and corrosion current (Icorr) after the immersion of the coated samples in a 3.5 wt.% NaCl solution for
20 days. The Tafel diagrams of the different scratched coatings for 20 days are shown in Figure 4.
Tafel calculations are listed in Table 3, where Icorr, CR, βa, βc, and RP are the corrosion current,
corrosion rate, anode Tafel constant, cathode Tafel constant, and polarization resistance respectively.
It can be noticed from Figure 4 and the results presented in Table 3 that the coating with 4 wt.%
nanoclay and 2 wt.% cerium nitrates has the lowest Icorr and thus the best corrosion resistance, which,
as mentioned before, could be a result of the increase in the tortuosity of the diffusion pathways of
water and oxygen molecules due to the presence of the clay and cerium nitrate; it appears that the
action of particles as barrier to corrosive attacks can also be responsible for increasing the corrosion
resistance of nanocomposite coatings.
Table 3
Polarization plots obtained after different times of immersion in a 3.5% NaCl solution after 20 days.
Sample Icorrosion βc βa Rp CR
0C0CN 9.749×10-7 0.066 0.202 2.956×103 1.145×10-2
2C2CN 7.978×10-7 0.076 0.275 5.696×103 9.370×10-3
3C2CN 5.745×10-7 0.086 0.286 9.289×103 9.748×10-3
4C0CN 1.020×10-6 0.087 0.289 5.353×103 1.198×10-2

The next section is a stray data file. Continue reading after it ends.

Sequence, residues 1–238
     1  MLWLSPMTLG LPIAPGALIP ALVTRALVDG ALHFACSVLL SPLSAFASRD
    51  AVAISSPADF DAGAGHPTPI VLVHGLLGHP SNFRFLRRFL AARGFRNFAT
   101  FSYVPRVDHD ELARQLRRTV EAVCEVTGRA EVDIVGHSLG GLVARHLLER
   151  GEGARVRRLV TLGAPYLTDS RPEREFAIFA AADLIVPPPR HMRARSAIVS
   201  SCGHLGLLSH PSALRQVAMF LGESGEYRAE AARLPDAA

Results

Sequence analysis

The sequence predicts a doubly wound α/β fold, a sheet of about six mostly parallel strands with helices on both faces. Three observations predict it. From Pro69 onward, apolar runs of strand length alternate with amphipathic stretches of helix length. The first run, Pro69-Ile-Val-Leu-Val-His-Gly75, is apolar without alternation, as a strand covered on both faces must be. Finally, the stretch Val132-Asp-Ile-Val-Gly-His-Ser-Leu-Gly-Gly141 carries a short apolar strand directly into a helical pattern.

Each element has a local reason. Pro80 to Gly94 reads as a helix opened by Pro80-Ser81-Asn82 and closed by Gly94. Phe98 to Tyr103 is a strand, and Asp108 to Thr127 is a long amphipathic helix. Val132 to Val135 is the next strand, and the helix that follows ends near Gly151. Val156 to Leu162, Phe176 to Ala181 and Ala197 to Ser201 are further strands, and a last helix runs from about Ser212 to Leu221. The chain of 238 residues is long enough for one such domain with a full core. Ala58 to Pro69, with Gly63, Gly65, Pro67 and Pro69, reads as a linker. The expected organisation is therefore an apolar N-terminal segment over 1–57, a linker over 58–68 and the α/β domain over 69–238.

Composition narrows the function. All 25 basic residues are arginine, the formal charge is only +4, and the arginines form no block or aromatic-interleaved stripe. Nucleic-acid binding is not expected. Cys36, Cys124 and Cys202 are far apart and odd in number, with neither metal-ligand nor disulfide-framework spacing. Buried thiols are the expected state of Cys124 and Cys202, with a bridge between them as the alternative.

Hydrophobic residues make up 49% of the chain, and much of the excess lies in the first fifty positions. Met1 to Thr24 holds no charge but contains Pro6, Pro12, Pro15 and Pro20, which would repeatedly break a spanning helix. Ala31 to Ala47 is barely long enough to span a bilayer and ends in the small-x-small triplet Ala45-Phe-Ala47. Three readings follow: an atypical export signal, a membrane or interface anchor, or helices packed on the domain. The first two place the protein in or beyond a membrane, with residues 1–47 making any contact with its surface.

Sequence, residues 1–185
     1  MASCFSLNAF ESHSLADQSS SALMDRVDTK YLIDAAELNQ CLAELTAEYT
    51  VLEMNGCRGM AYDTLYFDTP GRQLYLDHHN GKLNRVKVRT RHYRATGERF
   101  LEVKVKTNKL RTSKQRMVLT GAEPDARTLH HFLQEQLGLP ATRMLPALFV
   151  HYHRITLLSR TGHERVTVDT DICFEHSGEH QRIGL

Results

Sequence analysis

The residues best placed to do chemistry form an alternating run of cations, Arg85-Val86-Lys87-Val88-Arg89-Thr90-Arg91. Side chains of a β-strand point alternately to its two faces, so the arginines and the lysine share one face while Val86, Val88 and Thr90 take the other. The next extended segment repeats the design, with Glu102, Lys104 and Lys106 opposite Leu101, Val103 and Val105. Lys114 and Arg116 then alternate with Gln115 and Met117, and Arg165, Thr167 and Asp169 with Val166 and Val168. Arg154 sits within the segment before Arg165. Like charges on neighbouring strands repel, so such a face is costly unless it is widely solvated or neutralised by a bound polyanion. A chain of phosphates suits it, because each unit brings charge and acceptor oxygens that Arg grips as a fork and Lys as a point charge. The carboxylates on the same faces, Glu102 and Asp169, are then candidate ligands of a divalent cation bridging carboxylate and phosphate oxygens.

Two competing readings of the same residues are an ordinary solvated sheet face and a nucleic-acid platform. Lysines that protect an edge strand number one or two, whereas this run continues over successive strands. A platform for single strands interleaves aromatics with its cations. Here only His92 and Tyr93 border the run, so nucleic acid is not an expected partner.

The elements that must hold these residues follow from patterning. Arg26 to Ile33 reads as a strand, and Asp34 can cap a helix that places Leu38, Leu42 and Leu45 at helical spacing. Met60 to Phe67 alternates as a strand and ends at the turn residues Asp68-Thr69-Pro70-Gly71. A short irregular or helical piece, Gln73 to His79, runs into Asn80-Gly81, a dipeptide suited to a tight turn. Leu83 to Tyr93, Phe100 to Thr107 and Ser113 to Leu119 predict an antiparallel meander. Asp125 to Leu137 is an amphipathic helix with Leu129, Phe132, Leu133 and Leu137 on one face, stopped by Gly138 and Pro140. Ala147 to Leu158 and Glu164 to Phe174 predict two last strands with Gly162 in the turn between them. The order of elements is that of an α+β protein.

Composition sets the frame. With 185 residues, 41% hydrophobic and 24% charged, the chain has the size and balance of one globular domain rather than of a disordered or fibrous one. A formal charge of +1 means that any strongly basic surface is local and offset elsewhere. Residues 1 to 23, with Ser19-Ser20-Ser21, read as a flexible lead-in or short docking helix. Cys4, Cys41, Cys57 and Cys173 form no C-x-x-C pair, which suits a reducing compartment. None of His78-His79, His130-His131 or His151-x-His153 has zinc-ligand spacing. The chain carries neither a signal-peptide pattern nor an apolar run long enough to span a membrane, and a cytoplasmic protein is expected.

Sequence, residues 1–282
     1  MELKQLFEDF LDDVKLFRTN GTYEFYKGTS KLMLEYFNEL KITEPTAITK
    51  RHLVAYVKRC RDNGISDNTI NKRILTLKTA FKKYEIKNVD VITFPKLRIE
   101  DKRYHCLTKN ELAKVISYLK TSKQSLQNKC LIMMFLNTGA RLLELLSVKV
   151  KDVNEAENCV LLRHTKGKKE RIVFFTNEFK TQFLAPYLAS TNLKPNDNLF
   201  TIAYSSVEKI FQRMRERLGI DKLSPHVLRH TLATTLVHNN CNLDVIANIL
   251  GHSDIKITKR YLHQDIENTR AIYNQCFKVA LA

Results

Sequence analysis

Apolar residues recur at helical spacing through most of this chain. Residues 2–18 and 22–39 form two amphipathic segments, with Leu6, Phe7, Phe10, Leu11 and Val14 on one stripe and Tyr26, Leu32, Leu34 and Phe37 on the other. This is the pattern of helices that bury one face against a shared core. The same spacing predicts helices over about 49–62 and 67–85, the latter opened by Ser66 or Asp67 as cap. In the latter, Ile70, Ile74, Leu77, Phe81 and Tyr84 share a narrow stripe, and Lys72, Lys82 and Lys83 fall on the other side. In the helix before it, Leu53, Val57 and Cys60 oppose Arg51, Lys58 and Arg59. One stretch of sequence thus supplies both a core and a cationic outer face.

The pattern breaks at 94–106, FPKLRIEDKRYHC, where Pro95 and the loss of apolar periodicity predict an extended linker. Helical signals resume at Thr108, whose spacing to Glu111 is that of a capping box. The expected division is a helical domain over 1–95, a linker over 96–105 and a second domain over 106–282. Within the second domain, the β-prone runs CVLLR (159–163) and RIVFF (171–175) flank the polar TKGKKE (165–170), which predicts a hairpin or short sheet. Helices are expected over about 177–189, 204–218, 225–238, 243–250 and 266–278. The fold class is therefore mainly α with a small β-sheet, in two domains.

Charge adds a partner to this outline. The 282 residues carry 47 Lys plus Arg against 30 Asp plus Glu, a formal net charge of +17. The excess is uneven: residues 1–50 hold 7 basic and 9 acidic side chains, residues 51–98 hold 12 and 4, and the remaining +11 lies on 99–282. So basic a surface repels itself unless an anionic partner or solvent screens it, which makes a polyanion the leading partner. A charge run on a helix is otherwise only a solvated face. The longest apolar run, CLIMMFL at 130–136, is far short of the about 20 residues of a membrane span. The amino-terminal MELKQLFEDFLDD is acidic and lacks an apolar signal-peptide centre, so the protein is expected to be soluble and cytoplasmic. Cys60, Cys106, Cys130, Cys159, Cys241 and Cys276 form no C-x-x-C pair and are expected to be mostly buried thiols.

4C1CN 4.722×10-7 0.093 0.325 1.397×104 5.547×10-3
4C2CN 1.243×10-7 0.088 0.216 3.319×104 1.460×10-3
4C3CN 3.935×10-7 0.074 0.209 8.518×103 4.622×10-3
I. Moghri et al./ Preparation and Characterization of Structure and Corrosion … 107
Figure 4
Tafel polarization curves measured after 20 days immersion in a 3.5 wt.% NaCl solution.
3.6. Pull-off test measurements
Pull-off adhesion test method was employed to determine the adhesive strength of the coating. In this
way, adhesion is quantified in terms of the forces employed to detach the test dollies glued to paint
film from the underlying metal. Table 4 shows the results of the adhesion tests for the coated samples
prior to exposure and those removed at the end of 1000 hours of exposure. In the case of pull-off
adhesion test, before the exposure of the coated sample to a corrosive environment, it was observed
that almost all of the nanocomposite coatings had good adhesion to carbon steel, and amongst them,
4C2CN had the best performance. Table 4 shows that as nanoclay and cerium nitrate increase,
adhesion in the nanocomposite increases. This improvement in adhesion may be due to the fact that
nanoclay fills the voids and crevices in the steel substrates and the polymeric matrix, and thereby
improving the adhesion between the coating and the substrate (Allie et al., 2008).
Generally, the forces needed to detach the film from the samples exposed to a 5 wt.% NaCl aqueous
solution was smaller than those measured for the non-exposed samples, as shown in Table 4. Such a
decrease is quite significant for the pure PU, whereas it is very small in the case of the
PU/MMT/cerium nitrate nanocomposite coatings. Moreover, the reduction percentage in the
nanocomposite coatings adhesion is decreased as the clay concentration is increased. As it was